UC Berkeley Database Hacked, 160,000 Records Compromised


Security experts say the hack could have been prevented by protecting the sensitive medical information stored on easily accessible spreadsheets.

News of the data breach came to light Friday after it was discovered that hackers had broken into a medical database UC Berkeley shared with Mills College that contained health-related information for students, alumni and their families.

The stolen data included more than 97,000 Social Security numbers, as well as health insurance information and nontreatment medical information, such as immunization records and the names of some of the physicians the victims have seen for diagnoses or treatment. UC Berkeley officials said, however, that personal records, such as patients' treatments and therapies, were stored on a separate system not affected by the data breach.

University administrators issued e-mails Friday to some victims, while others are expected to receive notification letters this week.

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School officials said evidence indicated that the breach occurred Oct. 8, 2008, and continued through April 9, 2009. The data breach came to light April 21 after a campus IT administrator discovered messages left by hackers while conducting routine maintenance.

University administrators have since removed the exposed databases. In addition to the pending FBI investigation, the university has commissioned the services of an independent IT security firm to determine the details related to the breach and offer solutions to prevent a hack from happening again.

During the attack, the hackers infiltrated the public Web site containing UC Berkeley and Mills College health-related information, but bypassed the secured University Health Services databases containing more personal medical and treatment information. So far, evidence indicates that the attack was perpetrated by hackers based overseas, university officials said in a statement.

Security experts say that one of the biggest mistakes possibly leading to the data breach was leaving student Social Security numbers unencrypted on spreadsheets where they could easily be accessed.

"If you have data like Social Security numbers, you shouldn't have spreadsheets for those Social Security numbers lying around," said Wasim Ahmad, vice president of marketing for Voltage Security. "Often people assume that if [sensitive information] is lying around and it's inside, it's safe."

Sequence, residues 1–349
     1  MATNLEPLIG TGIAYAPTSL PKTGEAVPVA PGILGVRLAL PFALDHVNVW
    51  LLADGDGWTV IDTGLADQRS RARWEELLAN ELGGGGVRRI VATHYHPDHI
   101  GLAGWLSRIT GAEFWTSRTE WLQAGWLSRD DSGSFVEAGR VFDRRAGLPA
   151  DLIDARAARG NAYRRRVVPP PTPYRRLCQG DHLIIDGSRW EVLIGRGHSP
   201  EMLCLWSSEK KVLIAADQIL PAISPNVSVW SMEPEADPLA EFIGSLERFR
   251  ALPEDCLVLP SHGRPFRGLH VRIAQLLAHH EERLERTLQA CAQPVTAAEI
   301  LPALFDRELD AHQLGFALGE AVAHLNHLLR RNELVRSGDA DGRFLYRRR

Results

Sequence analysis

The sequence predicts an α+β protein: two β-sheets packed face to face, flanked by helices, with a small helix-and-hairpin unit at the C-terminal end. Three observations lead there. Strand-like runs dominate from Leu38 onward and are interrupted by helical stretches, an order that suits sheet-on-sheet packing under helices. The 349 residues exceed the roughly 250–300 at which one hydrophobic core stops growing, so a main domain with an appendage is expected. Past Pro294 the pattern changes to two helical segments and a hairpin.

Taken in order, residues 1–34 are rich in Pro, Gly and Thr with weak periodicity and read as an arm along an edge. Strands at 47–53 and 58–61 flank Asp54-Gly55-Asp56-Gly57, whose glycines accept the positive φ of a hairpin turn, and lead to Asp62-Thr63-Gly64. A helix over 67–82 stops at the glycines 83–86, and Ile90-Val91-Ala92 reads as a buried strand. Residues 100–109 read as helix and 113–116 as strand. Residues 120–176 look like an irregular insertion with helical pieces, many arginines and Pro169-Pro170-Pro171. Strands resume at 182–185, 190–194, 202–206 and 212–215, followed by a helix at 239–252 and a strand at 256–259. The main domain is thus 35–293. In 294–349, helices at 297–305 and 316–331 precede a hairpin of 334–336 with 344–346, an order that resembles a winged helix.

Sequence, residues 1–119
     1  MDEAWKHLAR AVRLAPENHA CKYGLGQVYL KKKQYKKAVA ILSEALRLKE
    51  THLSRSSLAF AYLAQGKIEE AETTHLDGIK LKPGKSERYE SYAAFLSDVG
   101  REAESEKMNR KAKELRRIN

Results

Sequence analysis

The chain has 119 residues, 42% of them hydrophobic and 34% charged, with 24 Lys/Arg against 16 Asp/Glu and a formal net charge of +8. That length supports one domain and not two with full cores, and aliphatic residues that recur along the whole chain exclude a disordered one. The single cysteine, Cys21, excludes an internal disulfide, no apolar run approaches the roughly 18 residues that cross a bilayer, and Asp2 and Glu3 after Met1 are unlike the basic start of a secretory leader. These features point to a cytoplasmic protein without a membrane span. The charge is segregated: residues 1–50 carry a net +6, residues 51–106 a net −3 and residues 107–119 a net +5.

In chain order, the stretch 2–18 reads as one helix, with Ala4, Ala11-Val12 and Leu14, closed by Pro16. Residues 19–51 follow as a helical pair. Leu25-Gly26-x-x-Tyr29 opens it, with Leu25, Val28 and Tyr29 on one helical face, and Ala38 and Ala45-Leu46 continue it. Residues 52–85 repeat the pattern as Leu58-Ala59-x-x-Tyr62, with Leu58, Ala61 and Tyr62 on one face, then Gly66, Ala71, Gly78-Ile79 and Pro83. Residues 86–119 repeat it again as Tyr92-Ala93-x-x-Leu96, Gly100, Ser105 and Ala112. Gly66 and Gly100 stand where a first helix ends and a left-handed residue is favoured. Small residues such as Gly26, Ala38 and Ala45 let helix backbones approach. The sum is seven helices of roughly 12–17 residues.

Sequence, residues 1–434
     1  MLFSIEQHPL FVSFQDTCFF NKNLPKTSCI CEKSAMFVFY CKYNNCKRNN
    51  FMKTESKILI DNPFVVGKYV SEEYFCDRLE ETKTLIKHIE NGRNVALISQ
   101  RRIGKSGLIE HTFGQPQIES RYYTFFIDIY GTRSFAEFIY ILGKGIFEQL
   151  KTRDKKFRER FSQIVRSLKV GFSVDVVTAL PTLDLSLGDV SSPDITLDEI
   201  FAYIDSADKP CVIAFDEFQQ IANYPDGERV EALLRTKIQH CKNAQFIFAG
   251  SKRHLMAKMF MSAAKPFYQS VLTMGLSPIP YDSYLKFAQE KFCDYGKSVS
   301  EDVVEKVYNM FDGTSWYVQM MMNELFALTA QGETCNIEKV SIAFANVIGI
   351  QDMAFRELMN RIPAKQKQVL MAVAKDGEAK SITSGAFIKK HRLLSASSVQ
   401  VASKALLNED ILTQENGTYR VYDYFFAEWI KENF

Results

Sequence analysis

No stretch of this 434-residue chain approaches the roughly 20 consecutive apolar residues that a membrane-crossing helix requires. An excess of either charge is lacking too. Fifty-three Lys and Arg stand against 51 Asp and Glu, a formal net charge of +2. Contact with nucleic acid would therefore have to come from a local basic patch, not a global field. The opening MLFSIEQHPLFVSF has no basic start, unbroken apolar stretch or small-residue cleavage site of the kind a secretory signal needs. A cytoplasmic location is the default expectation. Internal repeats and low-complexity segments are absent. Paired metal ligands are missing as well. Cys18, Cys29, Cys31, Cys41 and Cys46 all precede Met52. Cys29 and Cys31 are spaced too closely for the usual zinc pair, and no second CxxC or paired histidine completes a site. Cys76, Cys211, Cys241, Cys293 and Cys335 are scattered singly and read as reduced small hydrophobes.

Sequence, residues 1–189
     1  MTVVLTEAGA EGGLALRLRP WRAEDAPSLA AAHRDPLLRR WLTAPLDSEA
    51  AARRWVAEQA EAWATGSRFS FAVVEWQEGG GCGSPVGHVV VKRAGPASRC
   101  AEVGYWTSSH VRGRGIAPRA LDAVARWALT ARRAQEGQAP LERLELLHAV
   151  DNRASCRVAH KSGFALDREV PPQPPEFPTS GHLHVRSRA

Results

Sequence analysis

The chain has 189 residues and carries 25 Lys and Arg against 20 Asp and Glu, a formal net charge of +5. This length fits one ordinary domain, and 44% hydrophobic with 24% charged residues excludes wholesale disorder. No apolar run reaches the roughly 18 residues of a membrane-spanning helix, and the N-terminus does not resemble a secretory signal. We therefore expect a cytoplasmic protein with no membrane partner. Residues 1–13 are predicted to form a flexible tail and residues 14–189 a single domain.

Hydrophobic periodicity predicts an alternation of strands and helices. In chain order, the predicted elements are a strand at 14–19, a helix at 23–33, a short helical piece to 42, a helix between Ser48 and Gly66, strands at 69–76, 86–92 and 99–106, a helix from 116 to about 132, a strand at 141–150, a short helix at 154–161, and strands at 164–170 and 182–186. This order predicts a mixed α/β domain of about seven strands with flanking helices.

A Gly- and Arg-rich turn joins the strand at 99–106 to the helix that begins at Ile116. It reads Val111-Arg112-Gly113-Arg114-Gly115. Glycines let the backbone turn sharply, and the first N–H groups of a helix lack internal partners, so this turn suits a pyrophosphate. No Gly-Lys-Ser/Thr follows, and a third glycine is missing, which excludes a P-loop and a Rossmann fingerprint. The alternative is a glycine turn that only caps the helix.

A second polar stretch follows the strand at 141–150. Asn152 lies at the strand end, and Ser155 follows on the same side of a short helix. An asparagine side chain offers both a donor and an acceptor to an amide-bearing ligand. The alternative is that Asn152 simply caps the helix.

To combat growing security problems, Ahmad said that many universities were investing in laptop encryption and other kinds of encryption and data leak technologies to protect data at rest, as well as in transmission. Ahmad also said that in light of the six-month data breach, universities should conduct regular security audits to detect security holes and determine who has unauthorized access to sensitive information.

The victims include current and former Berkeley students dating back to 1999, as well as their parents and spouses who were under the university's health coverage or received services. The pool of affected individuals also includes about 3,400 Mills College students dating back to 2001 who received or were eligible to receive Berkeley health care services.

Security experts say that Berkeley and other universities will have to re-evaluate the balance between securing sensitive data and maintaining university policies that simultaneously allow information to be open and freely accessible.

"Universities don't set rules the same way a bank sets rules. That's kind of the heart of it," Ahmad said. "They probably have a different stance than a bank, where everything is locked down."

This is not the first time hackers have targeted public institutions for medical records. The Berkeley data breach follows just days after hackers demanded a $10 million ransom for stolen patient records after they infiltrated a Virginia state database and deleted patients' pharmaceutical and prescription information.

Meanwhile, Ahmad said that more data breaches such as UC Berkeley's will likely be forthcoming as hackers continue to find weak links in public institutions and other targets with faulty or disparate security standards.

"If you go back and look at breaches in the last five years, they're happening on a very regular basis," Ahmad said. "We're seeing multi-tens of thousands of records breached, and we're trying to see if we can make a prediction. The number of breaches is going to be at that point where people are going to say enough is enough."

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